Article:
17711770X5, K. T, X. Now these words must be rendered either 'I have written to you in this epis tle,' or 'I wrote to you in that epistle;' and our choice between these two renderings will depend partly on grammatical and partly on historical grounds. As the aorist f-ypcupa may mean either '1 wrote' or have written,' nothing can be con cluded from it in either way. 1 t may be doubted, however, whether, had the Apostle intended to refer to a former epistle, he would have used the article T5 simply, without adding _former.
In support of this conclusion it may be added, ( t ) that the Apostle had really in this epistle given the prohibition to which he refers; (2) that it is not a little strange that the Apostle should, only in this cursory and incidental manncr, refer to a circumstance so important in its bearing upon the case of the Corinthians as his having already addressed them on their sinful practices; and (3) that had such an epistle ever existed it may be supposed that some hint of its existence would have been found in the records of the primitive Church. which is not the case.
(5) Paul's Visits to Corinth. From 2 Cor. xii :14 and compared with 2 Cor. :1, and xiii :2, it appears that before the writing of that epistle Paul had twice visited Corinth, and that one of these visits had been after the Church there had fallen into an evil state; for otherwise his visit could not have been described as one lv Virv, and one dur ing which God had humbled him before them.
Interpreters have differed widely as to the meaning of the references to these visits. Some have understood the Apostle to say in them not that he had actually conic to Corinth, but that he had planned to come. This was the view of Baur, Hilgenfeld, and others. But against this view, Meyer and Godet have argued from the plain and obvious sense of the language used, that the visits were actual and not simply projected. But if actual, did the second visit precede the writing of the first epistle, or did it fall between the two epistles? In favor of the first alternative, Reuss reasons from xvi :7, "I will not see you in passing." But this is certainly not conclusive. We must accordingly, accept the view of those who place the second visit between the two letters. This view explains how it was possible for the Corinthians to say as they did (iv:18) that Paul was always postponing his visit. This they could not have said if the visit in question had just pre ceded the first Epistle. In favor of this view, fur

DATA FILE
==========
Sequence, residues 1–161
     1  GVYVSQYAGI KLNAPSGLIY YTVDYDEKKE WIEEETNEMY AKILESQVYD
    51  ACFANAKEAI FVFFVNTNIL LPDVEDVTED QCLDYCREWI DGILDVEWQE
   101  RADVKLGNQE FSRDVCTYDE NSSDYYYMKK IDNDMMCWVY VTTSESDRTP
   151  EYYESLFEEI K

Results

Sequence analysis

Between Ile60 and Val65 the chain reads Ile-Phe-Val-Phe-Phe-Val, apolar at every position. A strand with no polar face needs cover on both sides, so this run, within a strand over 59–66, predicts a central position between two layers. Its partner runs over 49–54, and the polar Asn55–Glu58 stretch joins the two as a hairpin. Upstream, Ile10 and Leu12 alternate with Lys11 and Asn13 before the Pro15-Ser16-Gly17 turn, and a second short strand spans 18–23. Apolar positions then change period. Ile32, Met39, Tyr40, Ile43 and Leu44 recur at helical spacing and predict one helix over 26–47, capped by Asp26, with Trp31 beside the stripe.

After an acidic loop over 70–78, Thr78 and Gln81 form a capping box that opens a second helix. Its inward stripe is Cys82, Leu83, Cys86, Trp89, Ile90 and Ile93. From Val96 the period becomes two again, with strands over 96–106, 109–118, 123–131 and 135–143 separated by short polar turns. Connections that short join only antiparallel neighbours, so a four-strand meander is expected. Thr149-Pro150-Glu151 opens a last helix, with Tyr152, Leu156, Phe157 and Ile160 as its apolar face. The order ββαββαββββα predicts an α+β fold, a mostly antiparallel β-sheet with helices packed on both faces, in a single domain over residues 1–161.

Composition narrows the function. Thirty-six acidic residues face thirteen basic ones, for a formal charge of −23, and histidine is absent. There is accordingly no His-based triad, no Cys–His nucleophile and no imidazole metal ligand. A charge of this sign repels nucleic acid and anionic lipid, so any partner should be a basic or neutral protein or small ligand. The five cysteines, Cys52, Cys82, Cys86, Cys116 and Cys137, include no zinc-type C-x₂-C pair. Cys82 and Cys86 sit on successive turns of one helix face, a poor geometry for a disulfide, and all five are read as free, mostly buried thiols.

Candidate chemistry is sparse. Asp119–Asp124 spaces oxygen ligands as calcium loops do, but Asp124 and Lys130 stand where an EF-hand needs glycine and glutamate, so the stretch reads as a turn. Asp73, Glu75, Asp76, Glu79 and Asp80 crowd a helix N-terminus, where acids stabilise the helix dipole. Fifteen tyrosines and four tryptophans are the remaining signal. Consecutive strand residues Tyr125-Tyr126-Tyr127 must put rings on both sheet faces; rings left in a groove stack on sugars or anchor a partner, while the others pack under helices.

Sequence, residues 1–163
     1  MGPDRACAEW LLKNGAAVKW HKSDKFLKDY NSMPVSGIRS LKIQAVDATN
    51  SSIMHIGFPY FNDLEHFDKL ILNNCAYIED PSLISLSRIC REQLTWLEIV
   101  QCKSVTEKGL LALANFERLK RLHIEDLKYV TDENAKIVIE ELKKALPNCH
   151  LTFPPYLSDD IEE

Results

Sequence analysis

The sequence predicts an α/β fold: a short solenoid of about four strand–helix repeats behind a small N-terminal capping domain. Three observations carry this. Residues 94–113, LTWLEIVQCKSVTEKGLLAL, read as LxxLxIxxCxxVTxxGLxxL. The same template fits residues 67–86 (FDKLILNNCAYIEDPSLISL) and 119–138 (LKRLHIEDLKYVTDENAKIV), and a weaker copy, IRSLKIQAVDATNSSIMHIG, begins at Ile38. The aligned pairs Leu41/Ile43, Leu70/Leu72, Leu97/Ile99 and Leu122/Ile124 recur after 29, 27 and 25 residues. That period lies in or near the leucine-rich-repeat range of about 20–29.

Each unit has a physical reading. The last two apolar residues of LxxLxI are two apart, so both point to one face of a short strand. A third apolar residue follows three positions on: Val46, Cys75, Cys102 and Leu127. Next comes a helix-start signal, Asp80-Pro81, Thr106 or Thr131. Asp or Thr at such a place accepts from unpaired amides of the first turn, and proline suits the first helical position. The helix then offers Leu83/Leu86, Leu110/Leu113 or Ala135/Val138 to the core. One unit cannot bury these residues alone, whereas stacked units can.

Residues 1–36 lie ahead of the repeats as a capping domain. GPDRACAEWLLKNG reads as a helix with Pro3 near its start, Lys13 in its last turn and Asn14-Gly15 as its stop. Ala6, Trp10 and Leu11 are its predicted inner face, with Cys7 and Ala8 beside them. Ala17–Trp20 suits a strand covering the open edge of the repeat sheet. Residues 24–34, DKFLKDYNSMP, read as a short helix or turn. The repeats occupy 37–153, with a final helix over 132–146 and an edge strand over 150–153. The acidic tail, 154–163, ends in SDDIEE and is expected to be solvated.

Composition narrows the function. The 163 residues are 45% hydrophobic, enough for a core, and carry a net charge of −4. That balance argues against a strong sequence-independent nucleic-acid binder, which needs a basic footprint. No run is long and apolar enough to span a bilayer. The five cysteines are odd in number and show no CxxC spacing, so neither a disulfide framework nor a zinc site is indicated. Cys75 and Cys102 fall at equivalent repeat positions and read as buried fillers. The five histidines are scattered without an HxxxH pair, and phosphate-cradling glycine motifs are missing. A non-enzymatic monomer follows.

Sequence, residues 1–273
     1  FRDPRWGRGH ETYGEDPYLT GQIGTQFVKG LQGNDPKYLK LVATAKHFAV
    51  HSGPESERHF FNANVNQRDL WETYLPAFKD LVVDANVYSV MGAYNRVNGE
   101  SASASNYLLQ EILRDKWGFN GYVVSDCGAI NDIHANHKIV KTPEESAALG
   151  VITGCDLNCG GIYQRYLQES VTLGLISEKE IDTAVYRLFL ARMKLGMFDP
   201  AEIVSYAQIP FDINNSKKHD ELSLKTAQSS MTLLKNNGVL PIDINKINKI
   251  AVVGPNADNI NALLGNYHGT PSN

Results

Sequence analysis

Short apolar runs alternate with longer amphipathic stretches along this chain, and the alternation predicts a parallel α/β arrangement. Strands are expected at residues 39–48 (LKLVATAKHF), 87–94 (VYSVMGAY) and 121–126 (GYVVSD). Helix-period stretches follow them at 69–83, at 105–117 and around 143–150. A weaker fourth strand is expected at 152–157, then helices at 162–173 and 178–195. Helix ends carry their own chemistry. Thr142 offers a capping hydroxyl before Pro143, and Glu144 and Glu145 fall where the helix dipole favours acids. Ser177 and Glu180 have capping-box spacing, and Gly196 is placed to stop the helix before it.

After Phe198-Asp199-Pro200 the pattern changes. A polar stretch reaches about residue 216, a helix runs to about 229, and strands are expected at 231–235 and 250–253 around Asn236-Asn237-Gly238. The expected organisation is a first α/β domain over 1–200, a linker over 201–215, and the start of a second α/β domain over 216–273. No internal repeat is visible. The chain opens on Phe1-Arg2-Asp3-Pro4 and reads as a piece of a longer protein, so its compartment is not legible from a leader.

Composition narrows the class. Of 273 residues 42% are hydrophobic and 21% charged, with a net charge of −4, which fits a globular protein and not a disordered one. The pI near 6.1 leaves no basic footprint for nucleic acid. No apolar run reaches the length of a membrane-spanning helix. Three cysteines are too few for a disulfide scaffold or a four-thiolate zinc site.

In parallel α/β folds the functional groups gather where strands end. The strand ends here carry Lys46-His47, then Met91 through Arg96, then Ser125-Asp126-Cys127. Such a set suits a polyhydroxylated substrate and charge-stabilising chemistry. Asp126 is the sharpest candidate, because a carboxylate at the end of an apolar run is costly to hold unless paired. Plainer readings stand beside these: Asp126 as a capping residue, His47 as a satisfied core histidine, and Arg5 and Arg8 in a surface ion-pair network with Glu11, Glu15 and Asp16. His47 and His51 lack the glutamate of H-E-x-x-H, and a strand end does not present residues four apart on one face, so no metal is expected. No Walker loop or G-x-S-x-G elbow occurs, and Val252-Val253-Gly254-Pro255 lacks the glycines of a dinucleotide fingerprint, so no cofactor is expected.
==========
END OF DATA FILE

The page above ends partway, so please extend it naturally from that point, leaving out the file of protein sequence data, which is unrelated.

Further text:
ther is the fact of the Apostle's silence as to a sec ond visit. In the first epistle, he repeatedly alludes to incidents that occurred in the first visit (i :8, 9; i :23 ; ii:1, t2, 13; xii :14. 21.), but to none that occurred in the second, although this was by the very supposition, fresher in his mind.
(6) Date and Place of Composition. The question when and where the Epistle was written, must be answered in the light of what the Apostle says in xvi :8, 19. taken together with v. 7, 8. From these passages, it appears that he was at Ephesus and was to stay there sonic time longer "until Pentecost." But from the general chronology of the life and ministry of Paul, we learn that he so journed at Ephesus from 55 to 58 A. D. It has therefore been inferred with reason, that the letter was written about Easter in the year 57.
The subscription intimates that this epistle was conveyed to Corinth by Stephanas, Fortunatus, Achaicus. and Timothy. As respects the last named there is evidently a mistake, for from chap ter xvi it appears that Timothy's visiting Cor inth was a thing not certain when this letter was finished, and from 2 Cor. viii :i7, 18, it appears that Timothy did not visit Corinth till afterwards. Comp. also Acts xix 22 As respects the others, this tradition is probably correct.
2. Second Epistle. (1) The Interval Be tween the Two Epistles. Not long after theTrans mission of the first epistle, the Apostle made a spe cial visit to Corinth, not recorded in Acts, return ing, however. immediately to Ephesus. Here he continued his work until his success roused the op position of Demetrius and the guild of the silver smiths. In consequence of the riotous uproa. which followed (Acts xix :93 sq.), he left for Troas. where he expected to meet Titus wit). news from Corinth. But in this he was dis appointed. Accordingly, he proceeded to Mace donia and there at length his desire for in formation on the state of affairs in the Corinthian church was gratified by the arrival of Titus (ii :13 ; vii :15 sq.) Meanwhile, some claim (Godet among them) that Paul wrote to this church another letter which has not been preserved to us. The reasons, how ever, adduced for the existence of such an intermediate letter, have never appeared strong enough to convince the majority of expert schol ars, and the preponderance of opinion is against be hypothesis. It appears to be, upon the whole, a gratuitous and unnecessary supposition.